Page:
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2 - From self-esteem to meaning – studying psychological well-being in later life

Published online by Cambridge University Press:  05 May 2015

Peter G. Coleman
Affiliation:
University of Southampton
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Summary

In this chapter, we present the rationale for collecting the material reported in this book and describe the actual processes involved in the study on which it is based. As in all research projects, the data we sought reflected the particular interests of the investigators and the key theoretical concepts and health and welfare concerns that were influential at the time the research was being planned. Our project originated in a multidisciplinary longitudinal study of ageing initiated by the Departments of Geriatric Medicine and of Psychology at the University of Southampton in the later 1970s. There were two distinct stages of data collection. The interviews conducted in the first ten years included clinical assessment as well as questionnaires, whereas a more focused investigation of psychological well-being involving in-depth interviewing was undertaken in the latter ten and more years. After a brief description of the history of the main study, we continue with a reflection on the main theoretical ideas and observations that inspired our investigation into identity and well-being in later life. We close with a consideration of our reasons for conducting detailed case studies on our surviving participants in the second part of the project.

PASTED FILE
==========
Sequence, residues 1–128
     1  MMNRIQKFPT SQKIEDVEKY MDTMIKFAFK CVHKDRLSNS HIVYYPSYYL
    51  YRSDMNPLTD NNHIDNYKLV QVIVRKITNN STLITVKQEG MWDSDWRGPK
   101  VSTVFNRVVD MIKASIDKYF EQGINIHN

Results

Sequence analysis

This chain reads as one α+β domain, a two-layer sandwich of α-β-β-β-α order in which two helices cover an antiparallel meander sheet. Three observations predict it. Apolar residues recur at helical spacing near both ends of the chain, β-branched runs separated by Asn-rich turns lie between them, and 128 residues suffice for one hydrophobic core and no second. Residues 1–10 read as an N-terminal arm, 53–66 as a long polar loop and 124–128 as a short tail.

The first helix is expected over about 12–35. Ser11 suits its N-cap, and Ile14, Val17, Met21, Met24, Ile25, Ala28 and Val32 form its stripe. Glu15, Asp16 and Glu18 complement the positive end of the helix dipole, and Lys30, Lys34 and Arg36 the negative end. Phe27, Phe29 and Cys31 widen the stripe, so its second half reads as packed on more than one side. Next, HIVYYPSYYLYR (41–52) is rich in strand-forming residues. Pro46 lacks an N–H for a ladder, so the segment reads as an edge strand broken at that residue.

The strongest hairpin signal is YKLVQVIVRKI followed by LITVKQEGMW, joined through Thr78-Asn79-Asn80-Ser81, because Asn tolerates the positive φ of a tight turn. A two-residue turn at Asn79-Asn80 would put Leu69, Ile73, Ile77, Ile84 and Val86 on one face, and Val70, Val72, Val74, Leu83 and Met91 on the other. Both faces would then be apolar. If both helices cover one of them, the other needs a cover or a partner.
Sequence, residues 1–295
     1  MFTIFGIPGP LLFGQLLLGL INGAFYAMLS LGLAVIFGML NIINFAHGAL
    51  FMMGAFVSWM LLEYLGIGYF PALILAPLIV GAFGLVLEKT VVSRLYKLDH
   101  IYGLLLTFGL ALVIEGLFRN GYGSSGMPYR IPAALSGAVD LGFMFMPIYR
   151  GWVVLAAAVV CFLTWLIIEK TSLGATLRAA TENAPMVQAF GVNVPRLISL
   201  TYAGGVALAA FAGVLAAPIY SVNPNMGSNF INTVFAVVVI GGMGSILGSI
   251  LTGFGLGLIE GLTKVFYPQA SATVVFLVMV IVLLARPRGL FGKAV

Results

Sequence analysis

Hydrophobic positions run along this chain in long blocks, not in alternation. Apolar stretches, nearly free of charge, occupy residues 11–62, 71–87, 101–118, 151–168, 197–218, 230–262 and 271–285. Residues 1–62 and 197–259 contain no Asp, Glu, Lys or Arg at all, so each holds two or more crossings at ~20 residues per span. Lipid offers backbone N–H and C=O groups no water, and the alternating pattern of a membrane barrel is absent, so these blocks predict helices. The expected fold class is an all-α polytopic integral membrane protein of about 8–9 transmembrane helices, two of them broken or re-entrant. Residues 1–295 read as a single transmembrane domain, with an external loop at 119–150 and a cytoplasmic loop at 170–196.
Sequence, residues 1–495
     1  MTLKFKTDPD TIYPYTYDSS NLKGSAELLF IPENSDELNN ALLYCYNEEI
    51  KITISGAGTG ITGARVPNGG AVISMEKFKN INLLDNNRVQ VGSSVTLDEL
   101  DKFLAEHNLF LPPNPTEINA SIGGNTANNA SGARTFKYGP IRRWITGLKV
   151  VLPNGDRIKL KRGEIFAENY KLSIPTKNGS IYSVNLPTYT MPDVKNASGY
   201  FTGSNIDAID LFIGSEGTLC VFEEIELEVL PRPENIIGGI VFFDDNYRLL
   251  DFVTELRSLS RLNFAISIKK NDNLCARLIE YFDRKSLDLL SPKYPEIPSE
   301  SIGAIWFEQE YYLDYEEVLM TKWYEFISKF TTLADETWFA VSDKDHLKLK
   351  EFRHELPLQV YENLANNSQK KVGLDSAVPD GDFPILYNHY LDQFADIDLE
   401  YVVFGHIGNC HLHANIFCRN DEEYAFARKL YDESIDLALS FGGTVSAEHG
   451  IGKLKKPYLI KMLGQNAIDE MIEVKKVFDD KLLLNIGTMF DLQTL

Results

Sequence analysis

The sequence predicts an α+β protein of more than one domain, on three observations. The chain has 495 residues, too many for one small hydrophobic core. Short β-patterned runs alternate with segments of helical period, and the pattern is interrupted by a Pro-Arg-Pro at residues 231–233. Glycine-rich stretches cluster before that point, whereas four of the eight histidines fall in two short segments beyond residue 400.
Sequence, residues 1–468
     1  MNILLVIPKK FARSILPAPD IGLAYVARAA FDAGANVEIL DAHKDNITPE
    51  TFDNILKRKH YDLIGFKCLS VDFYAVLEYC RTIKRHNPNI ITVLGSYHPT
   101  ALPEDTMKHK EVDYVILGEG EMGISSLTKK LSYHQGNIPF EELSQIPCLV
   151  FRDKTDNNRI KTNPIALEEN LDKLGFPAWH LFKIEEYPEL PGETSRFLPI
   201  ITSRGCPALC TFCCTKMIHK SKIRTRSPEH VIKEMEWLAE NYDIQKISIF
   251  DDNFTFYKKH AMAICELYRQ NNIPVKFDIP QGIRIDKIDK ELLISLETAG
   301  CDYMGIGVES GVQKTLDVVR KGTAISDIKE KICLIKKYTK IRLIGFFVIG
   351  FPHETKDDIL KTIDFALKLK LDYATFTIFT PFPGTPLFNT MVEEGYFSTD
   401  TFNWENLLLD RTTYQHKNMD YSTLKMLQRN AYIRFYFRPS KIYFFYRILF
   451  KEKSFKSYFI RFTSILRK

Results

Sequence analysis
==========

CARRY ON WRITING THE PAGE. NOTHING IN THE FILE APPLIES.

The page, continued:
Southampton Ageing Project

The original Southampton Ageing Project sample comprised 340 persons aged over sixty-five years (born before 1914) recruited in 1977–8 from two general medical practices in Southampton. The participants were originally recruited as part of a two-year double-blind trial of an early ‘anti-ageing’ pharmaceutical product, Gerovital (KH3; comprising principally procaine/haematoporphyrin) on the processes of ageing – in particular, on cognitive functioning and mood (Hall et al., 1983). Some small beneficial effects were found in regard to grip strength, as well as avoidance of incontinence and decline in cognitive performance, but there was no observable impact on depressive symptoms. However, the generous nature of the funding allowed for substantial clinical, social and psychological data to be collected on each occasion, and thus the possibility of longitudinal as well as cross-sectional analysis.

Type
Chapter
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Self and Meaning in the Lives of Older People
Case Studies over Twenty Years
, pp. 6 - 15
Publisher: Cambridge University Press
Print publication year: 2015

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